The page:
No chicken rule ruffles owner’s feathersCasey Pittman wants to keep his chickens.
By: By Kelly Grinsteinner, email@example.com, Superior Telegram
HIBBING — Casey Pittman wants to keep his chickens.
For the past several years, the Kitzville resident has raised the birds in his backyard.
Just last week he received a notice from the local animal control officer that it’s against city ordinance to house them on his property. He was given 10 days to remove the chickens.
That information and directive prompted Pittman to take action to keep his feathered friends.
“I was not aware there was a city ordinance on this until recently,” he told the city council during the public forum Wednesday. “It’s my understanding that the ordinance was put in place because of the fear of fowl. There are statements on the Minnesota Department of Health website that state there isn’t a health concern with backyard chickens because they are in a small area and not associated with wild birds.”
Pittman stressed that he keeps the six chickens in a large coop, that he keeps it clean and that there’s never been any issues with neighbors.
“My neighbors get a kick out of them,” he added. “It’s an interesting hobby.”
Pittman provided councilors with a packet of information about backyard chickens, adding that more and more people are raising them these days.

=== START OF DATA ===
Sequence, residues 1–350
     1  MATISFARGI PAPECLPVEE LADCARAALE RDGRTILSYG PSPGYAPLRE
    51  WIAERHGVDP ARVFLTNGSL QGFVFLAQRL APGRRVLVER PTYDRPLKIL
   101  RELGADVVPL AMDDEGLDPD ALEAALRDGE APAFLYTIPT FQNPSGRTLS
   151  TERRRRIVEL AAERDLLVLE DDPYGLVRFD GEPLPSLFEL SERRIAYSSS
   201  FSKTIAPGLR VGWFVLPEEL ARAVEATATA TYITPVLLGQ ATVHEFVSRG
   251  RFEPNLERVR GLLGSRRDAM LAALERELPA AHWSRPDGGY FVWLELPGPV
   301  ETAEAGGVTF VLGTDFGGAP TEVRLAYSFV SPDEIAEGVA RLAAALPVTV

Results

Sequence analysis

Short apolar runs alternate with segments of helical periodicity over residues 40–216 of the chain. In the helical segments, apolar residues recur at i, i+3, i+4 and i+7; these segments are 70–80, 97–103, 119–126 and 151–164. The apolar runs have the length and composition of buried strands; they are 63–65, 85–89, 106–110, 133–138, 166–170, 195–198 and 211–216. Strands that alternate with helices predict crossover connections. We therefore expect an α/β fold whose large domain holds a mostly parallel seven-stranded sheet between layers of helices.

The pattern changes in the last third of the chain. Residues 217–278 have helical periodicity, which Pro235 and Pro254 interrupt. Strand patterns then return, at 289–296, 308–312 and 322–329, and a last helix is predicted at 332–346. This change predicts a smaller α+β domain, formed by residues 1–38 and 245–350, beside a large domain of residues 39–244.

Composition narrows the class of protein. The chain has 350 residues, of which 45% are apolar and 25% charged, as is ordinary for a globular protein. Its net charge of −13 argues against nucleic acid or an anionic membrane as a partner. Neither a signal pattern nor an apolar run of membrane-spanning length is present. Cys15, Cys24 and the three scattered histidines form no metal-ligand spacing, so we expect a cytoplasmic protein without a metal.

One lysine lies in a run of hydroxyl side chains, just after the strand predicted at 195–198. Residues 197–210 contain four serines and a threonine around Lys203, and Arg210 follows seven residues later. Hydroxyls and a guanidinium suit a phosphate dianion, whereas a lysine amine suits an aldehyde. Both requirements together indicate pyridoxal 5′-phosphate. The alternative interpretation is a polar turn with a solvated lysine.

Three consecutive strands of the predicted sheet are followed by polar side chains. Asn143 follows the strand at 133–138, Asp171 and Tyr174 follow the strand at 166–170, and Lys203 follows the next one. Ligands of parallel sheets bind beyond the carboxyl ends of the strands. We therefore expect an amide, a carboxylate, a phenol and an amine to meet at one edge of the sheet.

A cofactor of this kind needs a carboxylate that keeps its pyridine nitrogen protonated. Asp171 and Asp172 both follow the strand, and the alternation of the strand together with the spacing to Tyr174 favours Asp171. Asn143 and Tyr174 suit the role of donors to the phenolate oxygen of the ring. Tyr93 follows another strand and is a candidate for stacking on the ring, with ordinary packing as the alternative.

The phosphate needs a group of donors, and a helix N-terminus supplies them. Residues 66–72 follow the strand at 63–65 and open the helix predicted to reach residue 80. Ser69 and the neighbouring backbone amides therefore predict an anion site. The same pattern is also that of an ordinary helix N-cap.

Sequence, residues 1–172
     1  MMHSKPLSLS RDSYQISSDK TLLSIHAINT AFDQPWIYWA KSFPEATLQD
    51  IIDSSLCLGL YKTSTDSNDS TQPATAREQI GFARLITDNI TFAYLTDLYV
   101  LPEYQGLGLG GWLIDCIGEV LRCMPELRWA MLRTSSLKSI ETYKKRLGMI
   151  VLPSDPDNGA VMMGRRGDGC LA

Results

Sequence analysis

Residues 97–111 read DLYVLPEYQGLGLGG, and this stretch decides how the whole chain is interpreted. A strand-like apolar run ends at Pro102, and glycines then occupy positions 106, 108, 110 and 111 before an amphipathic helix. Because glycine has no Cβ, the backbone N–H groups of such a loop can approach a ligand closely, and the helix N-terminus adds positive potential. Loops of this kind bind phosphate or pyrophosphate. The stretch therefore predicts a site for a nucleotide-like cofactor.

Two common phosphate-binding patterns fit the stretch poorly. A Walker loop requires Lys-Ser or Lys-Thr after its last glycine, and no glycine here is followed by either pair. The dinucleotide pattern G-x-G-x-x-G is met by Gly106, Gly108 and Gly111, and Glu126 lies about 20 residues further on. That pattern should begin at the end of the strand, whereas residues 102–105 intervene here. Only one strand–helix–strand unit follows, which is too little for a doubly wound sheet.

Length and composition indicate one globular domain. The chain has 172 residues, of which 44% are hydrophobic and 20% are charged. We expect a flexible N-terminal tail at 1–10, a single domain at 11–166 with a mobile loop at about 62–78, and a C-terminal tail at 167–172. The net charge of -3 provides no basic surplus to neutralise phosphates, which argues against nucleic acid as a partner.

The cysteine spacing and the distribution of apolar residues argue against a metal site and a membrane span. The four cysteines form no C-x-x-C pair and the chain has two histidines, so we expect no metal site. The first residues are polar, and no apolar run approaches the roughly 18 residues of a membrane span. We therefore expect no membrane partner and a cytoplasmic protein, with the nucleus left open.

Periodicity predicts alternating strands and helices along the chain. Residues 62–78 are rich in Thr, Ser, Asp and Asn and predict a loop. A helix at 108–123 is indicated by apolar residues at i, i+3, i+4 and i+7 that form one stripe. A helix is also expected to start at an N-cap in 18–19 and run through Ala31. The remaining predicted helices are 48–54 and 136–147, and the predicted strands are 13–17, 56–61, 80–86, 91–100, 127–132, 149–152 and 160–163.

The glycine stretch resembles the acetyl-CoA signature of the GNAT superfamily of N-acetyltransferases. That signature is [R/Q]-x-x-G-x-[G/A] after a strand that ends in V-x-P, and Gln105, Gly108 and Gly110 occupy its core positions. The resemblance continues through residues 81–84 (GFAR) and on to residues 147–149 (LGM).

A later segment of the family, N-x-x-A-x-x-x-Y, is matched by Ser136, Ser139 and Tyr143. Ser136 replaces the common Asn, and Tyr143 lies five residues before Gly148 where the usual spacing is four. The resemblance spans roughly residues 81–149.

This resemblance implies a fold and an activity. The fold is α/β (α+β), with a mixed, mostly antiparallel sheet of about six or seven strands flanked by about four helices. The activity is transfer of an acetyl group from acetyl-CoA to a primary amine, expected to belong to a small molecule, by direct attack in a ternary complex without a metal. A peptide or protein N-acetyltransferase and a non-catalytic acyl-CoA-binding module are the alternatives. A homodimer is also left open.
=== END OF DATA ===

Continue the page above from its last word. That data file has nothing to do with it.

“More and more people are doing this,” he said. “I’m just asking that the ordinance be reviewed and there be regulations on it because I’m sure people could get carried away with it.”
Pittman also noted that he’s most likely not the only one with backyard chickens.
“I didn’t realize it was becoming so popular,” he added. “But there are a lot of cities that are changing their ordinances.”
Councilor Darby Sater asked Pittman if he puts them on a leash and takes them for a walk.
“No, but on occasions I have let them out for a bit,” he responded. “They do circles around the house and eat grass. They never go any farther. They’re quieter than any dog in any neighborhood, that’s for sure.”
Councilor Jack Lund inquired if Pittman has a rooster that sings in the morning.
Again, he said no.
“Each makes a little squawk when laying an egg for about 20 seconds. You can’t hear it from the street,” Pittman said. “I work shift work, and when I’m sleeping after midnights and have my windows wide open, I’ve never been awakened by them. And when the sun goes down, they go in the coop and make absolutely no noise.”
Lund suggested the matter be put on the council’s next Committee of the Whole, the working session set for Tuesday, July 30. Mayor Rick Cannata noted that the topic was already expected to be on there due to other issues.
Cannata asked what could be done about the 10 days Pittman has to remove the chickens.
“He’s had them for years now,” he said. “I’d like an opinion.”
City Attorney Dick Sellman said that the ordinance has been in effect the entire time that Pittman has had them, but added that the council could indicate to animal control that the ordinance not be enforced until the council has the opportunity to reconsider the ordinance.